Tuesday, July 10, 2012
The Toe Putt
Turn your putter around for more success on the greens
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One of the most overlooked aspects of putting is making sure you have solid contact. Not many people think about it, but how you make contact with the ball when you're putting can greatly affect your ability to make putts. Most mis-hit putts are the result of a too-slow tempo, a hesitation at impact and a too short of a followthrough. This can result in off-center hits, improper face angle and twisting of the putterhead.
What can you do to work on hitting the ball solidly? If you have a standard heel-toe putter, you're in luck (sorry, mallets don't work so well for this one, folks). What I like to do to help improve my tempo and contact with the putter is to use what I call the toe putt. Quite frankly, this means gripping the putter on the side of the grip and putting the ball with the toe pointing at the ball. As you try this, the point isn't so much to see how many putts you can make or to impress your buddies the next time you want to show off. Instead, practicing the toe putt helps you impart a more pronounced impact with the ball and a followthrough that's directed toward the target, much like hammering a nail into a board. After a few tries doing this drill, go back to the standard way of putting. I bet you'll instantly feel as though finding and hitting the sweet spot on your putter is a lot easier, and your putting will improve.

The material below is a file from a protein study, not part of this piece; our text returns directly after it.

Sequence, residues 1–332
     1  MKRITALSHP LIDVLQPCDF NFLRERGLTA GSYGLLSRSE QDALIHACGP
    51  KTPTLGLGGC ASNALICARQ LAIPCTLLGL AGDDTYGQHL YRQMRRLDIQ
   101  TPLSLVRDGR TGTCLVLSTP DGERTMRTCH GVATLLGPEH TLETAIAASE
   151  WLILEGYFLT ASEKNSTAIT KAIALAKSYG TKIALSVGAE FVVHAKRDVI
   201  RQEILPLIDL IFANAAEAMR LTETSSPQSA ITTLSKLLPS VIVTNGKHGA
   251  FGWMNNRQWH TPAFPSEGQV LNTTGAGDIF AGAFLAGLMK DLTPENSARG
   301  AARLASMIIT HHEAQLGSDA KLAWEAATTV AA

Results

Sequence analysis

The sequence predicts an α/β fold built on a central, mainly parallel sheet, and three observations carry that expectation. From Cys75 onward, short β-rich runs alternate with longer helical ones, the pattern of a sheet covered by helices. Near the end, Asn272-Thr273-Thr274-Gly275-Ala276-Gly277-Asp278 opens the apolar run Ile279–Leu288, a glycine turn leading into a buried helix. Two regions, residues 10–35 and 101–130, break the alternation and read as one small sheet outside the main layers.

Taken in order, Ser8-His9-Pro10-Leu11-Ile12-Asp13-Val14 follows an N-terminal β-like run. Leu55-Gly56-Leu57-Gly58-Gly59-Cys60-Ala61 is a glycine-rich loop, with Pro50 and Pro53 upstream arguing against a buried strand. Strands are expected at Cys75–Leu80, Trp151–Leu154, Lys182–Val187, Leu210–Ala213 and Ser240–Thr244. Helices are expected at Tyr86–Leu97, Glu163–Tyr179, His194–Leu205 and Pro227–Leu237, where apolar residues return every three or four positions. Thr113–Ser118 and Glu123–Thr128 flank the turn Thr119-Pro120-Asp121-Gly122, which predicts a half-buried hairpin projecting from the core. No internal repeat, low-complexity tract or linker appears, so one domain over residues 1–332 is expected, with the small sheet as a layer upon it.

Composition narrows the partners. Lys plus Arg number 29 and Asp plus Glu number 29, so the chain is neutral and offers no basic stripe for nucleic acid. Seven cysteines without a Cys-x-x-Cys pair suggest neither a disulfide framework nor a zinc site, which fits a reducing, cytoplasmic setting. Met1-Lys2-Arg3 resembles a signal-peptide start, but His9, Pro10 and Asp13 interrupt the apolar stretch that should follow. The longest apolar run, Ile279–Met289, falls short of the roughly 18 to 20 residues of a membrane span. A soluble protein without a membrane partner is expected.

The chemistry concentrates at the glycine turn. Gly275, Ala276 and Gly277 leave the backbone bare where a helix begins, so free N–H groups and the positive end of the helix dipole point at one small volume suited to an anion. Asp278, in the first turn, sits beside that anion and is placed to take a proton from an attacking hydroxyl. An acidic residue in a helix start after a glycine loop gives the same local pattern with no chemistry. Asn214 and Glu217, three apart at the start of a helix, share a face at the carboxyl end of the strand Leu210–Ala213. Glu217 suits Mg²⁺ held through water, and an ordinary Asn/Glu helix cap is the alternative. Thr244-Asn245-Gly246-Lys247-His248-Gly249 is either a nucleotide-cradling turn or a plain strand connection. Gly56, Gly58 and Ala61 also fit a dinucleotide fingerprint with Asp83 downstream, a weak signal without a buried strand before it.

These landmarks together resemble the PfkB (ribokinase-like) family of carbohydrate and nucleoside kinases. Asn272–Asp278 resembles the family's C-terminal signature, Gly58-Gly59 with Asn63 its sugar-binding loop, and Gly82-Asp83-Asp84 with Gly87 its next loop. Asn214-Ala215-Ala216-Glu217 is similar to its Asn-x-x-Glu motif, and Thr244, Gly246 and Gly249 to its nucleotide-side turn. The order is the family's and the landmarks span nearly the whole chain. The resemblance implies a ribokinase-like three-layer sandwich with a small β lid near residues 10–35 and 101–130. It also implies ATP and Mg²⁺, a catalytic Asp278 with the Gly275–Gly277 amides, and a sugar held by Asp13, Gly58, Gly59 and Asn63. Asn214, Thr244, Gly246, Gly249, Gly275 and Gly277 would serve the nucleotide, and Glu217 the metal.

And one more thing about the toe-putt. There's another use for it, if you're so inclined to give it a try. If you find your ball up against the fringe or even rough, using the toe-putt technique (it's perfectly legal, by the way) can help you pass the putter through the thicker grass and make better contact with the ball. Fred Couples and Vijay Singh have done this a few times in situations where there isn't a lot of room behind the ball to rest the putter.
Give it a try the next time you face a tough putting lie from just off the green. The toe-putt might be just the shot to help you make a birdie or, at worst, two-putt for an easy par.
Mark Bereza, PGA, is an ANNIKA Academy Instructor, Certified Callaway Performance Center Clubfitter at the ANNIKA Academy in Orlando, Fla. Visit theannikaacademy.com.